The yellow rhizome called by some azafrán (saffron), is used as a condiment; its odor is remotely suggestive of vanilla. The Philippine herbdoctors give it internally for hæmoptysis, externally as a plaster or in infusion for acute dermatitis. The juice is prescribed in doses of 30–60 grams in bronchial catarrh. In India they inhale the fumes of burning turmeric paper for coryza, and with good effect according to the testimony of Dr. Waring.
The drug is official in the Pharmacopoeia of India. It is carminative, stimulant and probably antiseptic. Its decoction is used as an eye-wash in catarrhal and purulent conjunctivitis. The Mohammedans of Deccan use it for jaundice upon the theory that the yellow color of the skin in that disease is an indication for a remedy of the same color. The juice is also used in many parts of India to stain the face, nails and other parts of the body.
The tincture is prepared by macerating 30 grams of bruised rhizome in 200 cc.
alcohol for seven days, then filtering. Turmeric paper is prepared by impregnating unsized paper with this tincture, and then drying. Both tincture and paper are used to test for alkalies.
The rhizomes contain a pigment called curcumin, an essential oil and fæcula.
Curcumin (C14H14O4) is crystalline, yellow by direct light and blue by reflected light; it was studied by Jackson and Menke.
In the Philippines it is used extensively as a diaphoretic and emmenagogue and in icterus, intestinal colic and dysmenorrhoea; externally for skin diseases, contusions and atonic ulcers.
Gubler regards it as a diffusible stimulant. Its use is more extensive in England than in France and Spain; in India it forms an ingredient of curry, called carí in Manila. Curcumin is eliminated by the urine, which it colors yellow, and if at the same time an alkali be taken by the patient, especially a salt of calcium, the urine becomes red and may communicate this stain to the clothes. This fact should be borne in mind to avoid embarrassing mistakes in diagnosis or prognosis. Dose of powder, 2–5 grams.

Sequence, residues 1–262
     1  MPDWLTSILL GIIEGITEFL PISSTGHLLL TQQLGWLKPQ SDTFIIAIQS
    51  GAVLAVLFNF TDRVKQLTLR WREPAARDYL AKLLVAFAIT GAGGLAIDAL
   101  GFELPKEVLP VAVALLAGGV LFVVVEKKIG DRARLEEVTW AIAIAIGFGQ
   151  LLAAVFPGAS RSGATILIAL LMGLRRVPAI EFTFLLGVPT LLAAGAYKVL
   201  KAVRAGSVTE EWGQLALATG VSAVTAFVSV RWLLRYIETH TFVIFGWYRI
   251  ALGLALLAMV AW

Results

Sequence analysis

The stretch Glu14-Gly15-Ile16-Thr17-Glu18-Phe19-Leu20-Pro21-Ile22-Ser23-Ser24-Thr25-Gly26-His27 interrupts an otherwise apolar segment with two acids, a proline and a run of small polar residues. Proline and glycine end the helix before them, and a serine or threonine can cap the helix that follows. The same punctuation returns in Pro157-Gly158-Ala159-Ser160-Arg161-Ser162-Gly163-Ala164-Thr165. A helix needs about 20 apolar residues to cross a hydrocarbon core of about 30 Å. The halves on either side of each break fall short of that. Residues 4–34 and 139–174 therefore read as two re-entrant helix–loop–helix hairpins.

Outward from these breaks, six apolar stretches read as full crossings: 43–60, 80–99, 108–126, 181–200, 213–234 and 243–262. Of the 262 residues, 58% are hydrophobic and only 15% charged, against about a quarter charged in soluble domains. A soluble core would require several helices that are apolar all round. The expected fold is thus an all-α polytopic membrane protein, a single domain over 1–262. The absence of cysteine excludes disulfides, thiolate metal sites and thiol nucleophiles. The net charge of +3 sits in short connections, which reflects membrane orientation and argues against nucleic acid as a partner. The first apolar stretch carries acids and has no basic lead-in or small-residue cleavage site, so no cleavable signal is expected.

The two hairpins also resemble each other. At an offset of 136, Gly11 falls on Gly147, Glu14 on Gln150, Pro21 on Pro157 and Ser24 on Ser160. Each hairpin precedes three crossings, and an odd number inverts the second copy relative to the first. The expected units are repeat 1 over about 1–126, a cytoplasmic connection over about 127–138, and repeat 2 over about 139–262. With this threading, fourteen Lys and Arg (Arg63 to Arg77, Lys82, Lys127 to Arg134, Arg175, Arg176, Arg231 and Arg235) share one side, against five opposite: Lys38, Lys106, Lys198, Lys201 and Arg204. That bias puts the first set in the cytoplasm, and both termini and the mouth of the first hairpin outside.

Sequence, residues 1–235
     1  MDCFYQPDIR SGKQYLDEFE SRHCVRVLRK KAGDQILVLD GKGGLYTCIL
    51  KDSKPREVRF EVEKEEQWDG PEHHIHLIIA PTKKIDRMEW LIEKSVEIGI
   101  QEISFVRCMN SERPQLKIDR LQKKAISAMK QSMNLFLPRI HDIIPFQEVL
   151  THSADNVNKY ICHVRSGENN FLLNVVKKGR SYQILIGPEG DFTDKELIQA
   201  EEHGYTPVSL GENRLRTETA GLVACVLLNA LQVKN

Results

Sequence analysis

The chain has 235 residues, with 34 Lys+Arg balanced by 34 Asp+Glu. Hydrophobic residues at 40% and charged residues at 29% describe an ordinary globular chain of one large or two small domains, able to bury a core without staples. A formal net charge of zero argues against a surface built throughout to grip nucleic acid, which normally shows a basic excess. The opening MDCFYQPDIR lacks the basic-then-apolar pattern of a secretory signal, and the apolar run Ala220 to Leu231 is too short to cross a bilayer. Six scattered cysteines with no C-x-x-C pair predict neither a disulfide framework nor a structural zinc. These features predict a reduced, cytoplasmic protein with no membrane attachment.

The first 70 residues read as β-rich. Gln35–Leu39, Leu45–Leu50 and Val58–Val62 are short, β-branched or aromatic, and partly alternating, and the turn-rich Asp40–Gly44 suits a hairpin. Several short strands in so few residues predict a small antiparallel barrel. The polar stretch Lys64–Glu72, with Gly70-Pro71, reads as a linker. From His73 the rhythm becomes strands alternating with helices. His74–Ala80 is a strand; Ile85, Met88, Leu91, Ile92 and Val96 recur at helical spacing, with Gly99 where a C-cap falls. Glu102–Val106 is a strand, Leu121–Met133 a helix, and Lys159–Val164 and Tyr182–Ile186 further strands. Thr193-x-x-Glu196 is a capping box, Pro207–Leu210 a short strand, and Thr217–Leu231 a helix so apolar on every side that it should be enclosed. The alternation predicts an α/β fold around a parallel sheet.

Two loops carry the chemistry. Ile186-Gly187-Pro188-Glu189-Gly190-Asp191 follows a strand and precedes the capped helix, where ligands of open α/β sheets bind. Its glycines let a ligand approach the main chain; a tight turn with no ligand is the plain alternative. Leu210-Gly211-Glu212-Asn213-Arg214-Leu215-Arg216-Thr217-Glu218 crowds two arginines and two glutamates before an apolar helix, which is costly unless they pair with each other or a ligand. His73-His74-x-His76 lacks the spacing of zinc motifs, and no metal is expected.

BOTANICAL DESCRIPTION.—Leaves 2–4° long, rising in bush-like bunches directly from the rhizome, broad-lanceolate, acuminate, gradually tapering down the long petioles; numerous prominent nerves give a ribbed appearance to the blade.
Rhizome cylindrical, irregular, bright yellow within.
Elettaria Cardamomum, White.
NOM. VULG.—Lag̃kuas, Lag̃kawas, Vis.; Cardamon, Eng.
USES.—This plant, though official in several pharmacopoeias, is not used as a medicine in the Philippines, probably on account of its scarcity here. The seeds are used as a condiment; they are stimulant and carminative and yield good results in atonic dyspepsia, nervous depression and spasmodic or flatulent affections of the intestine. The dose of the powdered seeds is from 0.60–1.50 grams in pill form; the tincture is, however, more convenient and is given in doses of from 4 to 8 grams.
BOTANICAL DESCRIPTION.—A plant with a scaly rhizome and adventitious roots from which spring the stems, some of which bear leaves and others flowers. The leaves are alternate, in pairs; extended, lanceolate blade, with a short petiole.
Branches bearing flowers, short, flexible and scaly. The flowers spring from the sheaths of the leaves. Calyx tubular, 3-toothed; second calyx with limb divided into 3 unequal lobules. Stamens 3. Ovary inferior, 3 many-ovuled compartments.
Style simple. Stigma rounded. Fruit an oblong, ovoid capsule, 3-celled, trivalvate. Seeds blackish, albuminous.
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